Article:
COVID-19 updates, including vaccine information, for our patients and visitors Learn More

Menu
Search

Preventing Holiday Hand Injuries

 

September 30, 2005  |  

It happens every year at the holidays: The UCSD Medical Center Emergency Room pages the surgeon on call for the UCSD Hand Surgery Service to examine a hand injured by an errant knife while carving a turkey, cutting open pumpkins or other hard squash, or chopping all the food ingredients that goes into holiday meals.

But, says Reid Abrams, M.D., Chief of the Hand Surgery Service, a little caution and a few common sense rules can prevent a painful injury, surgery, and lengthy treatment.

Abrams offers up the following tips for a safe and pain-free holiday season:

  • Always cut away from yourself. And, when cutting into a pumpkin or turkey, don’t place your free hand opposite the side where the blade is entering. If you push too hard you will impale your hand.
  • Carve and chop in a well-lit, dry area so you can see what you’re doing and the item you’re carving won’t slip.
  • Make sure the handles of your chopping and carving instruments are dry when using them, so your cutting hand doesn’t slip down the handle and onto the blade accidentally slicing your hand.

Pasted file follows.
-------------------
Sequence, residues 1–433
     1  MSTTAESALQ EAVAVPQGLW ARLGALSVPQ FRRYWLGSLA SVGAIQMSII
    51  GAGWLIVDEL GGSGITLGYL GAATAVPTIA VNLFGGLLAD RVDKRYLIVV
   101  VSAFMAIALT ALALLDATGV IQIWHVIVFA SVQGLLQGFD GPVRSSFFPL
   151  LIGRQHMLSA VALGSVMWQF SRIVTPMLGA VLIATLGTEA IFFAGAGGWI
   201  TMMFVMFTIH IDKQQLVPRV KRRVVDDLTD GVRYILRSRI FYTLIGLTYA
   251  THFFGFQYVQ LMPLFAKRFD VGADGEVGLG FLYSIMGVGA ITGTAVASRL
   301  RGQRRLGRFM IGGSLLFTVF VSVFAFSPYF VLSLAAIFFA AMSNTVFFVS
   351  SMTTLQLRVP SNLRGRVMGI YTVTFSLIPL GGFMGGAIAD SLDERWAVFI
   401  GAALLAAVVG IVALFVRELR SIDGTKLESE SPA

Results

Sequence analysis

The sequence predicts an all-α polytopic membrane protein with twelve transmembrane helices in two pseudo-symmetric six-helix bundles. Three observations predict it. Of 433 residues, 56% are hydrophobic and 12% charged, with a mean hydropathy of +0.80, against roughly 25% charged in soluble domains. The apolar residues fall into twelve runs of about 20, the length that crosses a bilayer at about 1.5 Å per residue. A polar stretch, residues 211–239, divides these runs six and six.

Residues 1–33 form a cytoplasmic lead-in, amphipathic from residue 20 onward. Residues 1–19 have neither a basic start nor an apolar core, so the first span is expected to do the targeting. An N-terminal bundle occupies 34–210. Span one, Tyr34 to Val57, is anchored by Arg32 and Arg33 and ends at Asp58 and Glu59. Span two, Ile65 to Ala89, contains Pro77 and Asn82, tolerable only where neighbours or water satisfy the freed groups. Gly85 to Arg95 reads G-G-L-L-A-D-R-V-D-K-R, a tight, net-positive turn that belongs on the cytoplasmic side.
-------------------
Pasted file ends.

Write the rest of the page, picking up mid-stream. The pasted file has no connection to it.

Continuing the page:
• Consider using an electric knife for ease of carving turkey or a ham.
  • A good pair of kitchen sheers eases the job of cutting bones and joints.
  • Keep your meat carving and chopping knives very sharp. Nothing causes accidents faster than a knife too dull to cut but sharp enough to slice into your hand. Be careful not to force the knife. If your knife is sharp you won’t have to force it.
  • Children should not be allowed to carve meat or pumpkins. They don’t yet have the dexterity or coordination to work with sharp instruments.
  • Finally, if you do get hurt while carving, if it’s a deep wound or if you can’t control the bleeding, get to an emergency room as soon as possible.

    # # #

    News Media Contact
    Jeffree Itrich
    619-543-6163

    UCSD Health Sciences Communications HealthBeat: /news/

     


 


Media Contact

Share This Article


Related News

7/5/2022
UC San Diego researchers found that in mice how much they ate and when altered the nature of their gut microbiome: too much food too frequently resulted in poorer microbial and metabolic health.
7/1/2022
UC San Diego researchers have created a mathematical model to help predict risk of anal cancer in persons with HIV infection and aid patients and doctors regarding screening decisions.
6/29/2022
UC San Diego Health study identifies the main job stressors contributing to physician suicides.
6/21/2022
COVID-19 rebound following Paxlovid treatment likely due to insufficient drug exposure, UC San Diego researchers find after showing rebound patient did not show drug resistance or impaired immunity.



Follow Us